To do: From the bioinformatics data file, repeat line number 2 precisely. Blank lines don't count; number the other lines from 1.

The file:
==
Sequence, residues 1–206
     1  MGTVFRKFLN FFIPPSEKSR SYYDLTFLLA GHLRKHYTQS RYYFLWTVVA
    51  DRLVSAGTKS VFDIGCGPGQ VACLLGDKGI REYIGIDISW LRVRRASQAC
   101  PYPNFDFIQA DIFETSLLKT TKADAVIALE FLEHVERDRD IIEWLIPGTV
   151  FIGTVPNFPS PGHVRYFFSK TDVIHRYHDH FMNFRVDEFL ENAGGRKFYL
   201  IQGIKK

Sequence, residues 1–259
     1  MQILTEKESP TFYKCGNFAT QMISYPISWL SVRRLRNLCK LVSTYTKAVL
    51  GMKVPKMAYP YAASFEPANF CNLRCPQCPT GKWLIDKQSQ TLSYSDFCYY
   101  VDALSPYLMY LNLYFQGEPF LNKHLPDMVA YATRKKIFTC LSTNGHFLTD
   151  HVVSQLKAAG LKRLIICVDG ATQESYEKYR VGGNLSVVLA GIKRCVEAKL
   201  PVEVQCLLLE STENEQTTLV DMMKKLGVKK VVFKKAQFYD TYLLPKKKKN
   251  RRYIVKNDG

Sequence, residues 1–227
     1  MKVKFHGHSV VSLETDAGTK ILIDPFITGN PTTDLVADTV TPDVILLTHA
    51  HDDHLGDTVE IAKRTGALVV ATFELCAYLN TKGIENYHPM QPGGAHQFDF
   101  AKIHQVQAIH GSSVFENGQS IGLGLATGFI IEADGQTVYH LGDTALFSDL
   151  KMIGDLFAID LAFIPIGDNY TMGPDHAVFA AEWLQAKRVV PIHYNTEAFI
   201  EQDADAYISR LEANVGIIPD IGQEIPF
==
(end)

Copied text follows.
     1  MGTVFRKFLN FFIPPSEKSR SYYDLTFLLA GHLRKHYTQS RYYFLWTVVA